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Still using Excel Templates for Expense Management?

By January 9, 2022January 29th, 2024No Comments7 min read

Still using Excel Templates for Expense Management?

Microsoft Excel is the bookkeeping software of choice for many small businesses. This is especially true for small business entrepreneurs and start ups. It’s been around for a long time, with many, many Excel templates online, and sample accounting formulae readily available. Even better, you most likely already have it installed on your laptop. It’s the most accessible bookkeeping worksheet available when you initially start your firm.

However, when your company grows, you’ll quickly find you don’t have time to cope with the manual effort necessary to keep Excel up to date. You’ll soon have to make a business decision: do you devote time and effort to MS Excel and the hazards that come with it? Should you enter all of your company’s financial data into accounting software or not? You want to keep costs down, but in the long run, will you actually be spending more due to the time needed to use excel?

For small business owners, Excel is a good place to start. It’s difficult to miss the free Excel versions’ access to customisable, basic spreadsheets. Owners, on the other hand, will quickly uncover a slew of issues, including the possibility of faulty calculations, missing data, and lost files. And the more time you spend on a spreadsheet, the more difficult it will be to maintain your records in order, leaving you with less time to focus on your business.

Below are just 8 reasons why using Excel exclusively for expense management is no longer feasible.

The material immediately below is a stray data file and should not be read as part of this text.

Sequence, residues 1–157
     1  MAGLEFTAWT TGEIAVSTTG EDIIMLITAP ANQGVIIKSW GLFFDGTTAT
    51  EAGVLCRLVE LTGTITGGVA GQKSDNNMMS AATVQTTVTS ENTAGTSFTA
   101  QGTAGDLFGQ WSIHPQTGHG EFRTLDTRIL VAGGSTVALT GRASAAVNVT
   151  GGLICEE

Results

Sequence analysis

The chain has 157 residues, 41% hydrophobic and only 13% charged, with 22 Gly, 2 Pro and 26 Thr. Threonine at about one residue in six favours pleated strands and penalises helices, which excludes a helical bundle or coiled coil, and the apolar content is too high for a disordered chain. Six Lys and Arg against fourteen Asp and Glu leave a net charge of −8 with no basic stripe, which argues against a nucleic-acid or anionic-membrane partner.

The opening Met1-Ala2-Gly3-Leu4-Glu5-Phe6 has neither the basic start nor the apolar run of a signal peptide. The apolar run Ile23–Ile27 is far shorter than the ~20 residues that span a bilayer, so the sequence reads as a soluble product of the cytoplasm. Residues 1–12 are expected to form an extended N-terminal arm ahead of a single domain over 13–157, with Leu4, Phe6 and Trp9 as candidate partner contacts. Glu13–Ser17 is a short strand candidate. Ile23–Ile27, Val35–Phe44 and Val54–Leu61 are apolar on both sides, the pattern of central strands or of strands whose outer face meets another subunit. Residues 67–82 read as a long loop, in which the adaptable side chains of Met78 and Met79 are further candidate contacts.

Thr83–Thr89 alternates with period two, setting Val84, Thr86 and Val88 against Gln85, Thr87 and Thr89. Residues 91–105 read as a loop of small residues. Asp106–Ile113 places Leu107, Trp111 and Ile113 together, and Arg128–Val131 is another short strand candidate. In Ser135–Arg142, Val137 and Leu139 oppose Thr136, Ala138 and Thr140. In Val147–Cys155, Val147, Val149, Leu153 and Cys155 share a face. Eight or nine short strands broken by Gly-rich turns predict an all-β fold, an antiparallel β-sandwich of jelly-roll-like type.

1. Input by hand

The sticker price of a product like Excel has nothing to do with its cost. It all comes down to how much time it takes to handle. Unfortunately, Excel necessitates a significant amount of time. Every company cost must be manually entered. Every transaction must be entered twice if you use double-entry accounting, as mandated by the Generally Accepted Accounting Principles. That’s twice as much data entering by hand.

Everything from expenditure reports to the chart of accounts must be entered manually. This not only takes time, but it also raises the danger of making a mistake. What does this mean in terms of cost for small businesses?

Assume you have a part-time employee who completes financial tasks. The employee works 20 hours each week since they have to manually enter data into Excel. Assume that the employee is paid £12 per hour and works 50 weeks per year.

In this scenario, you’re allocating £12,000 only to accounting data entry. This is not only exorbitant, but it also ignores the lost opportunity costs of not being able to spend that time on sales, marketing, or hiring.

2. A scarcity of historical information

Another problem with Excel accounting spreadsheets is that they don’t do a good job of storing historical data. Companies frequently lose historical data, making it harder to spot financial patterns. Companies can plan and budget better if they can spot financial patterns.

Do you, for example, see a spike in sales in December? If that’s the case, you could need to employ seasonal labour or increase your supply. You may miss out on chances or lose money if you are unable to recognise trends.

This is not only aggravating, but it may also result in legal issues. Imagine being called for an IRS audit only to discover that the information from the relevant year is missing from your company’s spreadsheet template. That is an issue.

3. Visualization is a challenge

The Excel format is useful for big volumes of data, as described in the preceding paragraph. However, when it comes to understanding the data, it’s not very useful. In fact, Excel interprets data using visualisation tools such as tables and graphs.